Directed by Jaume Collet-Serra
Liam Neeson has “taken” it upon himself to relieve Harrison Ford of his my-family-is-in-danger-and-I-have-to-race-against-time-and-foreign-villains-to-save-them-movie duties. And he makes it work. Directed by Barcelonan Jaume Collet-Serra (Orphan), Neeson’s latest, Unknown, takes this concept to a new level in a sort of “amnesia-thriller” (think Memento).
Delusion or reality? Dr. Martin Harris, played by Neeson, must tackle this when his Berlin taxicab flies off the road and into a river, causing Harris to suffer an amnesia-inducing concussion. After a brief state of comatose, Harris returns to the hotel he had been staying in for a scientific research symposium, only to discover that another man (Aidan Quinn) is claiming that he is in fact Dr. Martin Harris, and Harris’s wife (Mad Men’s January Jones) even plays along. Has Harris lost his mind, or is this a predetermined plot to take the identity of the revolutionary scientist? Paranoia sets in, and Harris procures the help of his recovered taxi driver (Diane Kruger) and a private investigator (Bruno Ganz) to help him find the truth caped in this mystery.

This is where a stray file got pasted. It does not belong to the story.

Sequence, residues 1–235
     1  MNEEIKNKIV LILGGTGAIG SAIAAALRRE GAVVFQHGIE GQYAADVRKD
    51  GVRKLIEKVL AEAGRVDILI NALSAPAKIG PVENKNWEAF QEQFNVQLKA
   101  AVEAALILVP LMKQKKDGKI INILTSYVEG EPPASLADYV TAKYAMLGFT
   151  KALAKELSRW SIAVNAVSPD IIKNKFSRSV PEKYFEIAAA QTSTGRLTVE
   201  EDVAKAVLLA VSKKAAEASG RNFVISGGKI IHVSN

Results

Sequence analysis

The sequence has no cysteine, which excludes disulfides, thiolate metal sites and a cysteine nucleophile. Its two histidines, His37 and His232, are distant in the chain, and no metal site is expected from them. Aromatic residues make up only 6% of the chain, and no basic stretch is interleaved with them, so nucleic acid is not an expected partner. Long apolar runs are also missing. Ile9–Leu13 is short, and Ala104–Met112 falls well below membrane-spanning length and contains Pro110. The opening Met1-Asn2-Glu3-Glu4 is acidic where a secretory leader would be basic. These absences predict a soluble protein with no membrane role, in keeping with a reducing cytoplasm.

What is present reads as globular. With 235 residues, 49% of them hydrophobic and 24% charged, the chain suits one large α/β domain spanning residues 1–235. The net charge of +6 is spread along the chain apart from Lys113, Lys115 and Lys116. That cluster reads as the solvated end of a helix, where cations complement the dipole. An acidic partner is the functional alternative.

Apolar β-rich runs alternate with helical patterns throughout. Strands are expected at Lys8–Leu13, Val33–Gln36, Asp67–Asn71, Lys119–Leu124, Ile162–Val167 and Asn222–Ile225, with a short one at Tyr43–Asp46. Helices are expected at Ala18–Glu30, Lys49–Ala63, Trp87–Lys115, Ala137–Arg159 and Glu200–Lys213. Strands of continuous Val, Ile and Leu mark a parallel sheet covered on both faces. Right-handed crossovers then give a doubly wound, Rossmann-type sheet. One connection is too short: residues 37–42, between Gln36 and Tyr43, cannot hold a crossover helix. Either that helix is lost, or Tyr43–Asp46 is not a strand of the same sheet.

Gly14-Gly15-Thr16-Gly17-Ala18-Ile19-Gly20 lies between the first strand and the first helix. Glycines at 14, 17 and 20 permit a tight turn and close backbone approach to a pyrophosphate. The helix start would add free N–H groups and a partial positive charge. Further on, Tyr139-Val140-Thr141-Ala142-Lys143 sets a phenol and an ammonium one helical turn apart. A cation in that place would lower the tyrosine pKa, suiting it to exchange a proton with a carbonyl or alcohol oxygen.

After just a short time, Unknown becomes a spectator sport. Just as it is with your favorite March Madness teams, Liam Neeson and his taxi driver become the subjects of intense rooting, and their antagonists are instantly vilified. The believable performances only encourage the intense emotional attachment. While the story can seem a bit of a stretch every now and again, this action-packed thrill ride can get your blood pumping. And the best part? It’s perfect for the whole family with its PG-13 rating.
Neeson is now a go-to star for all things adrenaline-filled, from A-Team to Taken to Star Wars Episode I: The Phantom Menace. Later this year, Neeson can be seen manning ship in Battleship, reprising his Batman Begins role in The Dark Knight Rises, and kicking butt in the still-untitled Taken sequel (Which, of the three, I am least excited for. Who gets taken this time?).
Unknown is no classic, but for fans of Taken, it should tide you over between the original and its sequel.